There is a dirty little secret in podcasting. Amidst all of the industry collaboration and the explosive demand for different types of shows, podcast hosts hold something close to the vest.
What we do is selfish.
I recently read an essay written by George Orwell, titled “Why I Write“. He believed there were four “great motives for writing” that served as reasoning for why any writer wants to share his prose with the world. The four motives are:
- Sheer egoism: (explained below)
- Aesthetic enthusiasm: perception of beauty in the world; appreciation; gratitude
- Historical impulse: the pursuit of the truth; facts.
- Political purpose: Not politics in the traditional sense; politics as in “influence”…to persuade.
We are all a unique blend of these four motives. One of us may lead with aesthetic enthusiasm, followed closely by impulse and others. Another person may be lead with political purpose.
The motive that most intrigued me, but didn’t really surprise me, was the first: sheer egoism. Orwell goes on to describe what he means: “A desire to seem clever, to be talked about, to be remembered after death, to get your own back on grown-ups who snubbed you in childhood, etc. It is humbug to pretend that this is not a motive, and a strong one. Writers share this characteristic with scientists, artists, politicians, lawyers, soldiers, successful businessmen – in short, with the whole top crust of humanity.”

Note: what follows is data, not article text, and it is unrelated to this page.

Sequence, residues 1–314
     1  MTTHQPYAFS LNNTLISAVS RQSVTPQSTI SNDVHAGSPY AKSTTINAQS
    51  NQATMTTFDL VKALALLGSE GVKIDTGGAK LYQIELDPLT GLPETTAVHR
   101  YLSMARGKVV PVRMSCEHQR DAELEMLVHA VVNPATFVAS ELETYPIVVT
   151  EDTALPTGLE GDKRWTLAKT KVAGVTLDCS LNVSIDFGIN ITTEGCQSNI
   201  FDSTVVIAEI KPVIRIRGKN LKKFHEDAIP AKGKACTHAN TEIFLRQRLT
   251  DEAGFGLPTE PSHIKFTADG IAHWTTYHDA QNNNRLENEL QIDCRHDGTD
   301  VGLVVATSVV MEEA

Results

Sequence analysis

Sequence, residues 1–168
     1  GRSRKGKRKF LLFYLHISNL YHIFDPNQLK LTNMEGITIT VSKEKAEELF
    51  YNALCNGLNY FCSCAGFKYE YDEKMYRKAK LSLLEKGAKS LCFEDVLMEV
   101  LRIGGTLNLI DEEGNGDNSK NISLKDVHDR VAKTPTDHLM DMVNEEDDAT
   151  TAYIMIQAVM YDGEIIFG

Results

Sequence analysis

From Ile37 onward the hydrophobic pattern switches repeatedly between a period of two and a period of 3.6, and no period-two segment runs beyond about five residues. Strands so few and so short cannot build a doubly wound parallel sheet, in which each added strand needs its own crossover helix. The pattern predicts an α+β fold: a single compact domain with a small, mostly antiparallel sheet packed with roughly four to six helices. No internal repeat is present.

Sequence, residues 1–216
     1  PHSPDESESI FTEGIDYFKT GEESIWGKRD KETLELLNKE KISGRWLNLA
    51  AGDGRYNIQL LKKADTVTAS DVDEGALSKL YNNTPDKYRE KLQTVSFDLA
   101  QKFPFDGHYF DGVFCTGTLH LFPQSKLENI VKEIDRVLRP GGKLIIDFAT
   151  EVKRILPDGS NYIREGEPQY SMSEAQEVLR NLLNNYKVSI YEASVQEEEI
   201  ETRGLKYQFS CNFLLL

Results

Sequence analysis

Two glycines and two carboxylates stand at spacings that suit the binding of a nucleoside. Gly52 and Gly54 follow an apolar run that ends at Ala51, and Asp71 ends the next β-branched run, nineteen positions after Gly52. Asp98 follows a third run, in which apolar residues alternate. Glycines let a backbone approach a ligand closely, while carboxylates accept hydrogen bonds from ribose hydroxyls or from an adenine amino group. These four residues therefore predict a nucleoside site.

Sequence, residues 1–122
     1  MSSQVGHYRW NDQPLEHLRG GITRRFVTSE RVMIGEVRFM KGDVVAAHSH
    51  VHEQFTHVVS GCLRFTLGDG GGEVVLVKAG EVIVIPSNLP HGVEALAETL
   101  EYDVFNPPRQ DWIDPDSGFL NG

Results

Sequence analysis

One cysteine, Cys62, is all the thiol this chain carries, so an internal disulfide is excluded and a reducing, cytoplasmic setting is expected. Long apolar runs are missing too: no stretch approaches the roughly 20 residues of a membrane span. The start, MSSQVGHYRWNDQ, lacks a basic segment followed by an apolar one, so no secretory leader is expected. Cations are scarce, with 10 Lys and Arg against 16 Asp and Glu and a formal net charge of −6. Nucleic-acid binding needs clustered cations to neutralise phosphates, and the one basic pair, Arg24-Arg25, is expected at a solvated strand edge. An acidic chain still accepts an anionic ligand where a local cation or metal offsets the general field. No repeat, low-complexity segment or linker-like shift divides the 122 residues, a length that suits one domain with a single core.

It made me think about the work that I do, and why I do it. Specifically, when it comes to developing and producing content through my podcast.
I think all of us, especially those of us with interview podcasts, feel like we are cheating.
Let’s take my podcast for example: The Sweet Adversity Podcast. My goal with the podcast is to explore a specific theme, and to test an hypothesis: does adversity create opportunity? And if so, is this the consistent reason why the successful and fulfilled have achieved their definition of success and fulfillment? Through interviews with high performers across multiple disciplines (world class athletes, successful CEO’s and entrepreneurs, authors and artists), I work to deconstruct how struggle and obstacles have defined their approach to life and how their response to adversity allows them to differentiate themselves from the average.
In what other situation would I be able to reach out to people I admire and interview them for 45 minutes about their life, their work, and how they achieved their goals? I would venture to say none. It feels like cheating. But it’s cheating with more work involved. More preparation.
I’ve interviewed almost 50 guests now, including people like Wired Magazine founder Kevin Kelly, Spartan Race founder Joe DeSena, editor/author/literary agent Shawn Coyne, and former NFL linebacker/National Champion Bobby Carpenter. All of these connections developed one of two ways:
- A cold email
- A warm introduction through a mutual friend
I interview these folks to find out for myself, what the secret ingredients are of their stories. To find out what the critical inflection points and decisions are that started them on their journeys. I get to publicly document these conversations, and share them with an audience. I get a benefit. They get a benefit.
This piece is not about how selfish and egotistical podcasters are. This piece is about perspective. It’s about how, in pursuit of work that matters, when we feel fulfilled, we provide great value to others. It is VERY difficult to provide great value to others without feeling valued or pursuing value and purpose in our own lives.
Don’t be afraid of being selfish. Don’t be afraid of doing what you want as a path to developing content and value for others. Why? Because many times self interest is the path to helping others.